2010 – Don’t Think Social Media, Think Relationships

2010 is not going to be the year of social media. 2010 is going to be the year of relationships. Yes, it will be the social media toolset that invigorates relationships. There is a subtle mindset that will separate winners and losers.

At the end of last year I had a conversation with a senior executive about bringing a social media strategy to his global company. Referring to his colleagues, he said, “We have to make them understand that social media is more than just Twitter and Facebook.” Social media is not about catching the hype of Twitter and Facebook, but connecting with your customers and building relationships. There should be a social media strategy and plan before jumping on the bandwagon!

The strategy must be about building relationships with potential customers, and strengthening relationships with existing customers. Do not think of social media as an advertising and promotion vehicle, but rather a relationship builder. How do you build relationships in your personal life? Transfer this “skill set” to your professional social media activity.

Social media is often viewed as a marketing endeavor. For the most part this makes sense, but I would not limit social media to being in the hands of the marketing group. When I think of social media, I am reminded of a quote many years back from David Packard (cofounder of HP) – “Marketing is far too important to leave to the marketing department.”

Social media = customer relationships. Thus, social media is not just a “marketing thing.” In a company, who is concerned with customer relationships? Hopefully you answered everyone. This means that every department should have visibility to the social media program and provide information or monitor activities related to their domain expertise with a focus on how their functional area affects relationships with customers.

If you want a winning social media program – the owner of the social media program in your company must design a program that is customer-centric. They should not focus on advertising, promotion, and certainly not selling. Relationship building in a social media context is about traversing your customer along the “A-Path” – Attention > Attraction > Affinity > Audience > Advocate, as I have previous written about.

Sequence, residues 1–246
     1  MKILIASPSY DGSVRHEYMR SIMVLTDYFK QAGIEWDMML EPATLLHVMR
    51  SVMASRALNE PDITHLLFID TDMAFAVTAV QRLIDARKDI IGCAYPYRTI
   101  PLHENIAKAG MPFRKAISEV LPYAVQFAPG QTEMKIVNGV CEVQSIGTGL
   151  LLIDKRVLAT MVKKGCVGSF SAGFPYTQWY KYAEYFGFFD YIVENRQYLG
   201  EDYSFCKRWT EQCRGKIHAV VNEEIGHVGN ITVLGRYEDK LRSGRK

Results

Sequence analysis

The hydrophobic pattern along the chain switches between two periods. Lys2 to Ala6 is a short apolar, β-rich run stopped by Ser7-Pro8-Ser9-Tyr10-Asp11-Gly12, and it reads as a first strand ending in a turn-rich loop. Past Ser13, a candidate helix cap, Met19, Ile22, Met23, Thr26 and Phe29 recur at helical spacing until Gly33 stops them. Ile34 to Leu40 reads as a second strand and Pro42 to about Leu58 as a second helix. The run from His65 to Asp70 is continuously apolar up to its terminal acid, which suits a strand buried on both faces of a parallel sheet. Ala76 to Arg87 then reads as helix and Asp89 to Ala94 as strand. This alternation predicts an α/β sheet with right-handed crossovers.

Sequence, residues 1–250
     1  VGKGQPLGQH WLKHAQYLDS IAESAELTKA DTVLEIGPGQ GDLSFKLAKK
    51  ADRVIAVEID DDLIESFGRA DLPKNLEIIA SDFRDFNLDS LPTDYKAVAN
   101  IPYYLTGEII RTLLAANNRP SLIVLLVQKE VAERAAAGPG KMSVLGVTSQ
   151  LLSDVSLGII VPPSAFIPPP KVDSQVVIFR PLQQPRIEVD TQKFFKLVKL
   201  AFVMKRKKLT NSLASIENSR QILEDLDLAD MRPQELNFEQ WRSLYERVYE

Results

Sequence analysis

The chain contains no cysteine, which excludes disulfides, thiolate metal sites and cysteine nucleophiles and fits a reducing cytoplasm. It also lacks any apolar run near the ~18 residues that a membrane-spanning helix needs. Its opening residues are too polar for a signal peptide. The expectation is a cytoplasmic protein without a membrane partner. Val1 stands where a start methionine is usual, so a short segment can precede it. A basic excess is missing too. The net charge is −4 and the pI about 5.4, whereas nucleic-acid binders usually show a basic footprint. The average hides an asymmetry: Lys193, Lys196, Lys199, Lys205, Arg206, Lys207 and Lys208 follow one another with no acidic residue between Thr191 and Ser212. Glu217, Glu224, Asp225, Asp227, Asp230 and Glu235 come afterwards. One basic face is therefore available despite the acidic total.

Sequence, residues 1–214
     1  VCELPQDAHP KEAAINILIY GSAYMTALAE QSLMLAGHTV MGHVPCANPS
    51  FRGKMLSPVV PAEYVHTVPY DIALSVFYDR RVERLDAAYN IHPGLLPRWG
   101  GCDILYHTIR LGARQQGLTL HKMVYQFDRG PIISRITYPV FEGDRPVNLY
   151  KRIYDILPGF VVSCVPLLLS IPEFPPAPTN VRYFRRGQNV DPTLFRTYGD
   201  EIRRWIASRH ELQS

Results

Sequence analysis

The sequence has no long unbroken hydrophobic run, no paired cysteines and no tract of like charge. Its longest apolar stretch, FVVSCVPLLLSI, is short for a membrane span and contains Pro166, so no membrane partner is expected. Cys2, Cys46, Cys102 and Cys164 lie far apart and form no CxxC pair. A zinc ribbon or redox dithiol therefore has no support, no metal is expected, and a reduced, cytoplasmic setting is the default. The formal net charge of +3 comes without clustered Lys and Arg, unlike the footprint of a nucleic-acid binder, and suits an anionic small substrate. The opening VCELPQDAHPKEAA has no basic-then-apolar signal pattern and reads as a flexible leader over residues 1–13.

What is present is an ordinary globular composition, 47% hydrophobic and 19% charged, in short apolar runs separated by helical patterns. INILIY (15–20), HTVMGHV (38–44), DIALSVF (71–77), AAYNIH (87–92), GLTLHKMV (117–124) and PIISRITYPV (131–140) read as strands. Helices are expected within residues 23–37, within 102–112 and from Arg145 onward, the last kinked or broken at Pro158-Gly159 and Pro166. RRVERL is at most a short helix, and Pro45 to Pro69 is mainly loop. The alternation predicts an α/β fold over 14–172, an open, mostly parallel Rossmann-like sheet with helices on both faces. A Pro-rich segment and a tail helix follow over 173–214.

Bottom line – use social media to build strong relationships. People usually buy things from people they feel comfortable with. Reinforce your customers’ buying decisions by continuously delivering valuable information through social media outlets in your brand domain expertise. This will build loyal relationships and ultimately turn your customers into advocates – the strongest marketing engine possible.

11 Comments

Filed under brand marketing, brands, customer relations, Facebook, marketing, marketing plan, sales conversion, SEM, social media, social media marketing, Social Steve, socialmedia, SocialSteve, Twitter

11 responses to “2010 – Don’t Think Social Media, Think Relationships

  1. Could not have agreed more with your message. Social Media is a tool to convey your message. What you are “pitching” is critical for the initial buy, but it is the relationship that builds the longer term engagement. One of several articles I have published, “Keeping the Big Picture in Mind” addresses who we are and what are we saying. Please enhoy the read… http://www.chenofskysinger.com/Career_Rx_Keeping_the_Big_Picture_in_Mind.pdf
    Many of the articl

    • Lisa,

      Thanks for your input!

      I would just take exception to one point … in social media you should not be “pitching” something for the “initial buy.” You should be delivering valuable information that makes a target audeince want to first, establish a relationship with you, and second, maybe have interest in your product/service because they have determine you deliver true value to meet their needs.

      Best,